A trip to Salisbury is not complete without venturing out to the world-famous Stonehenge. Situated on the Salisbury Plain in Wiltshire, Stonehenge was built around 5,000 years ago and is an engineering marvel (considering they didn’t have today’s technology and machinery back then).
As I was travelling to Salisbury by train, I was pleased to discover The Stonehenge Tour – a tour bus run by Salisbury Reds bus company. The Stonehenge Tour begins right outside Salisbury train station (look for the big green double-decker tour bus), but also picks up in the city centre, and takes in the beautiful countryside before arriving at Stonehenge Visitor Centre (the return journey goes via Old Sarum, for those wishing to visit).
Due to the number of visitors, entrance to Stonehenge is now managed through timed tickets, so it is advisable to book entry tickets in advance (even if you are an English Heritage or National Trust member). However, The Stonehenge Tour ticket holders (excepting “bus only” tickets) are allowed in without advanced booking.
Upon arrival at Stonehenge, you will see just how popular an attraction it is. Even on an autumnal October day (which had begun with a torrential downpour of rain), it was surprisingly busy. Due to a cancelled train, I had arrived at Stonehenge an hour later than planned, so I had to make the most of just a short time there. The visitor centre is a mile and a half away from Stonehenge itself, so I headed straight to the free shuttle bus for the 10 minute journey (although you can walk to them if you’re feeling more energetic).
The stones are roped off, but you can follow a path around them to see Stonehenge from 360 degrees. You can request a Stone Circle access visit via the English Heritage website, but places and times are limited.
I was slightly underwhelmed by my visit to Stonehenge. I was somewhat surprised that the stones weren’t as big as I thought they would be. Also, the sheer amount of people there somewhat ruins the experience. I imagine Stonehenge should be a peaceful and serene place, after all the standing stones are aligned to mark the passage of the sun and the changing seasons. The druids and pagans go there to mark the summer and winter solstices and spring and autumn equinoxes. Unfortunately, the world and its neighbour wants to visit this place of wonder and take numerous selfies with the stones. I suspect a Stone Circle access visit (when the masses aren’t there) might be in order to appreciate it better.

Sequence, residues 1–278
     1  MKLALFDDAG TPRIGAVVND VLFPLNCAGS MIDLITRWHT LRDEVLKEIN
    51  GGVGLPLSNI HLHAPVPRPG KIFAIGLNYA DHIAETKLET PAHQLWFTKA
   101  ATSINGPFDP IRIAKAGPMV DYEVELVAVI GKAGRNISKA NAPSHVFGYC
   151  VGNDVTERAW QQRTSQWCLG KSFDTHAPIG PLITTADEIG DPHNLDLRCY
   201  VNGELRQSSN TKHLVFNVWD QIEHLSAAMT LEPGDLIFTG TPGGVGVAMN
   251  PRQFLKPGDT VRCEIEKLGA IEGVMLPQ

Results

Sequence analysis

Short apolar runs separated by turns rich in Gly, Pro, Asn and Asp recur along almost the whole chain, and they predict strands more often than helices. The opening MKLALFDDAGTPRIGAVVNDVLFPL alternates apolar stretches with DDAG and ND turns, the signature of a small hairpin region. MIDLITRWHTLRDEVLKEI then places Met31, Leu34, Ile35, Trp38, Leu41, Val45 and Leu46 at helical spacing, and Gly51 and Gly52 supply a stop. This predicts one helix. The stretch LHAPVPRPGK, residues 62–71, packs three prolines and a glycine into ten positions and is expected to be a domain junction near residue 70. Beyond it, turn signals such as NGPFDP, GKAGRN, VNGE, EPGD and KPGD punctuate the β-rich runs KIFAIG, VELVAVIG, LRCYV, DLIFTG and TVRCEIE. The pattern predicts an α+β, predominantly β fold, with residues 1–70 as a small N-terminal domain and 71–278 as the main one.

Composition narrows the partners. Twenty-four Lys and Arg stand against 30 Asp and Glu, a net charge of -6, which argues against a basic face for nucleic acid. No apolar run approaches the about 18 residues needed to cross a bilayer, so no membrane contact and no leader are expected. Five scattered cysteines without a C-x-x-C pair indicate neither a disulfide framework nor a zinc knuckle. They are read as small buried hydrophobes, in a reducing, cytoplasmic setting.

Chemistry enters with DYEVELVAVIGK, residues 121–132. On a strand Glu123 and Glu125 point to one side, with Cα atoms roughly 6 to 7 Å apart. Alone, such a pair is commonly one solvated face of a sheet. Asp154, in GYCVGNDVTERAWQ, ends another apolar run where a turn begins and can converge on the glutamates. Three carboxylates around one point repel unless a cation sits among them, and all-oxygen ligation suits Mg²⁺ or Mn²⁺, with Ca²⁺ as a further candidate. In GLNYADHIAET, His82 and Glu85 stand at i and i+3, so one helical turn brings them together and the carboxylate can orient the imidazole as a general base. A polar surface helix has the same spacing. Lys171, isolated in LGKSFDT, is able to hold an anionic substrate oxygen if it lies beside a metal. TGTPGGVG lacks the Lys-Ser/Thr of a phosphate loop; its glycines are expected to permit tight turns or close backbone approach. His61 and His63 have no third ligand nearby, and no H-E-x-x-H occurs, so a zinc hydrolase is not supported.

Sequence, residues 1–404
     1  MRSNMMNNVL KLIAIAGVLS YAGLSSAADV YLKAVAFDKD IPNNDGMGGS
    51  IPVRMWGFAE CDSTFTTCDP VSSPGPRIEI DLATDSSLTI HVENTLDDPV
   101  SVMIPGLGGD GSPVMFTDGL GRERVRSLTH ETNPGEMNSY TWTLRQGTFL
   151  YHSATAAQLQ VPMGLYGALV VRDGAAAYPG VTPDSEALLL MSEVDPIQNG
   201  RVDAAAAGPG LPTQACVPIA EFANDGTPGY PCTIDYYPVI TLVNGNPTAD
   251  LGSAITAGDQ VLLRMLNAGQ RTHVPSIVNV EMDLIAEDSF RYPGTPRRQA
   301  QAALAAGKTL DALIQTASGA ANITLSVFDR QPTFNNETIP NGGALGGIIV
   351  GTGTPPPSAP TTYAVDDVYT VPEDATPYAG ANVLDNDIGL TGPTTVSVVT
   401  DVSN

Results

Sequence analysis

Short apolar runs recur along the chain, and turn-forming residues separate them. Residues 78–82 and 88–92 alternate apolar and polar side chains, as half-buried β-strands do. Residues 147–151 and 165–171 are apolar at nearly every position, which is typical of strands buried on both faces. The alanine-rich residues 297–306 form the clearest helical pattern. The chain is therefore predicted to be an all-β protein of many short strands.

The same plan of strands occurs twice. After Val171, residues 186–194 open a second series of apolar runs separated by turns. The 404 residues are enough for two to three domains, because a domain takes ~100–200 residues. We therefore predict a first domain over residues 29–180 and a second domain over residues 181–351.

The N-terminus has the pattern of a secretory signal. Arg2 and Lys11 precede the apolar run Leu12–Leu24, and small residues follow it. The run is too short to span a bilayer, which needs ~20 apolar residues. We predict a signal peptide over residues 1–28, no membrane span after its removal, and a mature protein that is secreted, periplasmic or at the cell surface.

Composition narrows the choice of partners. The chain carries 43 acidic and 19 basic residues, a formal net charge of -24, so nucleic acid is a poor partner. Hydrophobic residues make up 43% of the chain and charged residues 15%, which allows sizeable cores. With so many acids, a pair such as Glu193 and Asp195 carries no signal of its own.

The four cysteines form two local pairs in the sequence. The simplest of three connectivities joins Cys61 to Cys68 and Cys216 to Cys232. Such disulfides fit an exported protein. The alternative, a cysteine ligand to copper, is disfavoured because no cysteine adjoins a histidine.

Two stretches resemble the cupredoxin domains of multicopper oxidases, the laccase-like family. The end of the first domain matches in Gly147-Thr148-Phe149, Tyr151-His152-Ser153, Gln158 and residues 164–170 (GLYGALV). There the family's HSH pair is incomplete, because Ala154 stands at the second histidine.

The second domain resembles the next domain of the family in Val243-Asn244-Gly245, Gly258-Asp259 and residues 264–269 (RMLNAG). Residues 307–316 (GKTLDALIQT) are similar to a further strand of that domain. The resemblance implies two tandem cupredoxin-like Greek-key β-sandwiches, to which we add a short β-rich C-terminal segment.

Whilst at Stonehenge, there is the opportunity to explore nearby features such as Woodhenge, Cuckoo Stone and various barrows. However, these are accessed on foot and over uneven ground. As my time was short, I didn’t get to explore them.
Back at the visitor centre, you will find Neolithic houses, an exhibition, cafe and shop. The Neolithic houses are recent recreations of the type of homes the builders of Stonehenge might have lived in. They are single room properties with thatched roofs and white chalk walls. (Be careful not to accidentally brush against the houses… I discovered a big patch of white chalk dust on my black bag as I boarded the tour bus back to Salisbury!).
Unfortunately, I didn’t have time to visit the exhibition or the cafe as I had other plans back in Salisbury, but I did pop into the shop. The shop is quite large and full of everything and anything you can think of to do with Stonehenge, from hoodies and t-shirts to postcards and books. Of course, I picked up a guidebook and a handful of postcards.
Stonehenge is accessible for visitors with mobility issues and two wheelchairs are available onsite for those who might need them. With 22 disabled parking spaces available, parking shouldn’t be an issue for disabled visitors (though do be aware that Stonehenge gets very busy, especially in the summer months).
If I’m honest (and I am!), I’d like to visit Stonehenge again, but when the crowds aren’t there, to fully appreciate this ancient monument.
If you visit Stonehenge, be sure to visit nearby Salisbury (especially Salisbury Museum and Salisbury Cathedral).